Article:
Let us return for a moment to a basic question: what is the exact definition of a Speedmaster Moonwatch pre-Moon model? Several are possible, but the following seems the most logical: a pre-Moon model is one that was conceived before the first landing on the Moon.
Thus the last pre-Moon model is the 145.022-69 with the caseback that makes no reference to the Moon landing. The model was indeed conceived before the lunar landing, but it only went on sale months afterwards in December 1969. Given its high production run, it is today the pre-Moon model most commonly seen in the pre-owned market.
But as we will see during this short review, the 145.022-69 has been produced for a few years in different versions, and they are not all pre-Moon…
It is nevertheless an interesting model that can itself be the subject of a collection because of the large variety of its components: three types of tachymeter bezel, optional bezels and three versions of casebacks, counting the post-Moon version.
Furthermore, the 145.022-69 is the first steel Speedmaster to get the new dial with the painted Ω and the shortened main markers. And it is probably the model in which the most so-called “chocolate” dials are found.
As for almost all the other references, some 145.022-69s pre-Moon have also been fitted with optional bezels (telemeter, pulsometer or decimal).
All 145.022-69s are fitted with the same dial (Medium S – Step Dial).
A crown with a new Ω logo with upturned feet was introduced and seems to be specific to this reference. Also found is the crown with the wide Ω logo, which is still fitted to the current reference.
We have observed 4 types of bracelets on references 145.022-69:
- 1175/640 (not on pre-Moon models).
The reference ST 145.022-69 can be divided in 3 distinct categories, that we will review in details in this article:
- ST 145.022-69 pre-Moon,
- ST 145.022-69 Straight Writing,
- ST 145.022-69 Apollo XI.
These 3 models are all based on the same reference, but they present some specific features that make each of them more or less sought-after by Speedmaster collectors. They are all desirable, being probably among the most interesting Speedmasters of the whole production. The scope of this article is to understand the differences and the main characteristics of each model.
1. Speedmaster ST 145.022-69 pre-Moon
Movement numbers seen: 28.420.xxx (*) – 31.629.xxx
Production years: 1969-1971
(*) We have observed some 145.022-69s with earlier serial numbers, in 27.3, 27.7 and 28.0 mios, but their delivery is often in 1975, meaning that they possibly correspond to Speedmasters assembled later.
This first category includes 3 distinct models:
- the “standard” pre-Moon fitted with a “Dot Diagonal 70” bezel (also called DON), with movement numbers up to around 30.588.xxx,
- the “standard” pre-Moon fitted with a “Dot Close to 70 – Close C” bezel (also called DNN), from movement numbers 30.594.xxx,
- the “220” pre-Moon, fitted with a “220” bezel (graduation error), produced in the fall of 1970 with movement numbers between 30.588.xxx and 31.008.xxx.
Note that bezels “Dot Diagonal 70” and “Dot Close to 70 – Close C” can be found between the serial numbers 30.588.xxx and 30.594.xxx (transition period).
Models of this category are all fitted with the 861 “Copper – Steel Brake” caliber.
Type 1 – “Dot Diagonal 70” bezel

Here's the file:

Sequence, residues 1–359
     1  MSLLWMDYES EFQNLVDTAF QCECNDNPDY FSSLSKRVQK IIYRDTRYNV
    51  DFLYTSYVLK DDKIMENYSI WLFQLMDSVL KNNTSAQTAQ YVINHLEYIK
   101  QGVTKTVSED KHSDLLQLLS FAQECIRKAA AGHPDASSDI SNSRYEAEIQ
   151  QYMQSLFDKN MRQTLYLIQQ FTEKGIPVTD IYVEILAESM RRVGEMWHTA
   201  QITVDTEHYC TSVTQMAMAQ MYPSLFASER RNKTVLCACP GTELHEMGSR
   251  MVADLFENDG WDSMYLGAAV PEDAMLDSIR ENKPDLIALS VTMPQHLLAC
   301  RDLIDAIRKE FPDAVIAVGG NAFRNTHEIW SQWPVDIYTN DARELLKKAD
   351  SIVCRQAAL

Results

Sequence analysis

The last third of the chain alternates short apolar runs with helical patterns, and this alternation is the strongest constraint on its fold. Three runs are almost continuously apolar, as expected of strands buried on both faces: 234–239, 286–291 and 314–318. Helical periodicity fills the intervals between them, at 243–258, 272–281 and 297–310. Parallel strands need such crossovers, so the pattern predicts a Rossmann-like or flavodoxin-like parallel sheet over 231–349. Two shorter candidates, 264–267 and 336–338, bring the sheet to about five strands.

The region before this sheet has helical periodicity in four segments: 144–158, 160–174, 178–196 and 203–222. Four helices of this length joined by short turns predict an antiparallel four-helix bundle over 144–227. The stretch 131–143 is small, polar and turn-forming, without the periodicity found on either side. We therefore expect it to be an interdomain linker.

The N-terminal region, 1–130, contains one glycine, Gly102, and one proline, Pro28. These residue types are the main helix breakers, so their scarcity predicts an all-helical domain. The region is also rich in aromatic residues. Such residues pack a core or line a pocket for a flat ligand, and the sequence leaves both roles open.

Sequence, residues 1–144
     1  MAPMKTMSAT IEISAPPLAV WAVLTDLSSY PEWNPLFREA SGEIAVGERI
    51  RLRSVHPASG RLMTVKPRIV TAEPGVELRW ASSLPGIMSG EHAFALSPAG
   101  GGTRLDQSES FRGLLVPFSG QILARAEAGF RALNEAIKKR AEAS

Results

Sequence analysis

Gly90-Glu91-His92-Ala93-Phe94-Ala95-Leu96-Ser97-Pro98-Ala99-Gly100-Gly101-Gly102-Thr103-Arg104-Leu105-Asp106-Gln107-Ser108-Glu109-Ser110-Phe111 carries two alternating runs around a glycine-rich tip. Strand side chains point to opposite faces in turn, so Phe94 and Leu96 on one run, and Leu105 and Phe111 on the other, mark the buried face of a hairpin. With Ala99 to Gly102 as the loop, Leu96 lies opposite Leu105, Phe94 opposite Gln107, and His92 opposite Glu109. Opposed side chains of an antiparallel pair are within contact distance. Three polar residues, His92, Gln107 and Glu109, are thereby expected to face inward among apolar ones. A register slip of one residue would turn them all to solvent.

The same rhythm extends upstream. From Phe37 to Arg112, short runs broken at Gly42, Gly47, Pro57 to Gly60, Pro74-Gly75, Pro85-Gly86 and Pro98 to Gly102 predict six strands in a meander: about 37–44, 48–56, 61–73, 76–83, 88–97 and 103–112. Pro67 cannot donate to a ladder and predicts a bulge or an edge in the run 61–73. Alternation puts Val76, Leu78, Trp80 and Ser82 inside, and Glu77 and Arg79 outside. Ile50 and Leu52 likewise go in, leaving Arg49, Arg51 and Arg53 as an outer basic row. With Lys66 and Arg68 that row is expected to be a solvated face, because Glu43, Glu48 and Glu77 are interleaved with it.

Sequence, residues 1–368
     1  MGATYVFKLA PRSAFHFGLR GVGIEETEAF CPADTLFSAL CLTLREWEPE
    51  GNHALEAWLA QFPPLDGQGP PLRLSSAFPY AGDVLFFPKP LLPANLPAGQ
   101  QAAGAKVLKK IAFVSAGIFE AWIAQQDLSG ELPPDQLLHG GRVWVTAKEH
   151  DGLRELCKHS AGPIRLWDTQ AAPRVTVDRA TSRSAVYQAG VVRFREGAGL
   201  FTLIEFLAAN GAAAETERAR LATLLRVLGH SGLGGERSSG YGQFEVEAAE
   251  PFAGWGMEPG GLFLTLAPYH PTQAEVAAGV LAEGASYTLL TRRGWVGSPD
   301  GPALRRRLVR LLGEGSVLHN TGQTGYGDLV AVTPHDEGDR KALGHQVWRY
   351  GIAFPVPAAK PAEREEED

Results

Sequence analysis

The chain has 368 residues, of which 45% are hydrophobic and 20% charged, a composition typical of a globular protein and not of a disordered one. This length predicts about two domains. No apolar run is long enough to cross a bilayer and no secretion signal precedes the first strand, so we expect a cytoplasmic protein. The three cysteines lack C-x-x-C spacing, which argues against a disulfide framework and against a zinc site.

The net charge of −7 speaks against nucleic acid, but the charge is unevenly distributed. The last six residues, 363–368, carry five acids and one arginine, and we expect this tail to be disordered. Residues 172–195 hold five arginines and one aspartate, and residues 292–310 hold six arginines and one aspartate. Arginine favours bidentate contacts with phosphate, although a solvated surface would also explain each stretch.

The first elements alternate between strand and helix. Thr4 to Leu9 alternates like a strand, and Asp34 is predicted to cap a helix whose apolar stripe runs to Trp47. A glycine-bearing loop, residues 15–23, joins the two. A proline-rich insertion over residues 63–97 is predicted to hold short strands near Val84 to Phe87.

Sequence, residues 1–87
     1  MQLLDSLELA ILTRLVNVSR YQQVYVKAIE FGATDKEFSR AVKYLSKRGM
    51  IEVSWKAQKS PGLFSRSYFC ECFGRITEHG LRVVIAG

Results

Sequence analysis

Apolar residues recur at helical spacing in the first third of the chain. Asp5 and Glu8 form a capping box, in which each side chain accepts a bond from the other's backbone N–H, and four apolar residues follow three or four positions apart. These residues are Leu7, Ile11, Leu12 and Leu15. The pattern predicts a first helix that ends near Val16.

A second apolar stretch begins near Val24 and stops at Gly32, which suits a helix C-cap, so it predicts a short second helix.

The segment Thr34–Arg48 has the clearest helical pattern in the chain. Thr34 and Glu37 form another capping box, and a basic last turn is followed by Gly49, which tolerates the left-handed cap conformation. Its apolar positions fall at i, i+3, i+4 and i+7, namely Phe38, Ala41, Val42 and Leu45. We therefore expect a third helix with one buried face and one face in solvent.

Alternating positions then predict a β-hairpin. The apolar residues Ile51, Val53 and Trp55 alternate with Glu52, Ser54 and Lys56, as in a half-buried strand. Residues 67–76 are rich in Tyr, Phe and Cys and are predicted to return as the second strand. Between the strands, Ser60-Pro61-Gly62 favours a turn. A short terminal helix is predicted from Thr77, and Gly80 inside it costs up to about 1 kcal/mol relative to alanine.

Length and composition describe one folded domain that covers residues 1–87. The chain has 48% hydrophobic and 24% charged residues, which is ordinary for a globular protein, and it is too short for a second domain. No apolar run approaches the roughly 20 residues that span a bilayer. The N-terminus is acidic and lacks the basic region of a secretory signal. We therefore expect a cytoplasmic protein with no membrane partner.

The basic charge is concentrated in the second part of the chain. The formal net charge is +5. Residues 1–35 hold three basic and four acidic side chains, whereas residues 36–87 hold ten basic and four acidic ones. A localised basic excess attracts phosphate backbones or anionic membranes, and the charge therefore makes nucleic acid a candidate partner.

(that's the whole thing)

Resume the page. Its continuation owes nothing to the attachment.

Type 2 – “Dot Close To 70 – Narrow C” bezel
Type 3 – “220” bezel
2. Speedmaster ST 145.022-69 Straight Writing
Movement numbers seen: 31.00x.xxx – 32.857.xxx
Production years: 1971-1974
The post-Moon version of the 145.022-69 reference differs from the pre-Moon in having a caseback proclaiming its status: The first watch worn on the Moon.
It was named Straight Writing by the collecting community, meaning that some of the script is laid out straight in contrast with the succeeding models in which the whole text is arranged in an arc around the central medallion. There are two versions of this caseback, which show differences in the part of the text in an arc. The most common is inscribed “FLIGHT-QUALIFIED BY NASA FOR ALL MANNED MISSIONS”, while the other and extremely rare caseback has “OMEGA SPEEDMASTER – APOLLO XI 1969” (see later).
Models are all fitted with a 861 caliber. Towards the end of its production, the steel chronograph brake was replaced by a version in Delrin®, a hardwearing polymer.
It should be noted that movement numbers between 31.0 and 32.8 millions were installed indifferently in 145.022-69, 145.022-71 and 145.022-74 cases, which makes the story complex. Furthermore, despite the fact that production started in 1971, delivery of most Straight Writing watches was postponed to 1972 or later, due to the necessity of NASA’s approval for the usage of their name.
Moreover we have not seen any Straight Writing 145.022-69s with the type B2bis. 220 tachymeter bezel.
ST 145.022-69 Straight Writing
3. Speedmaster ST 145.022-69 Apollo XI
Movement numbers seen: 31.31x.xxx (*) – 31.62x.xxx
Production years: 1972
(*) There are earlier serial numbers, which are in the uncertain zone.
Some of the 145.022-69s were fitted with an extremely rare caseback that referred to the Apollo 11 mission, similar to that of the limited series in gold entitled, Apollo XI 1969 – Tribute to Astronauts.
Our observations shows common properties in the range observed:
- they have all been produced in 1971 and delivered in 1972 to Japan,
- it is likely that they were all fitted with a rare steel bracelet, with reference 1116/575.
This rare version might well correspond to a special order from the Japanese distributor.
ST 145.022-69 Apollo XI
ALASKA I (1970)
As early as the late 1960s, even before the first Moon landing, Omega’s development teams had begun working on an evolution of the Speedmaster Professional, in order to create the perfect watch for space. This project (or more precisely this series of projects that would extend over several years) was named Alaska, not in reference to the low temperatures of the eponymous American state, but simply as a code name in order to preserve its confidentiality.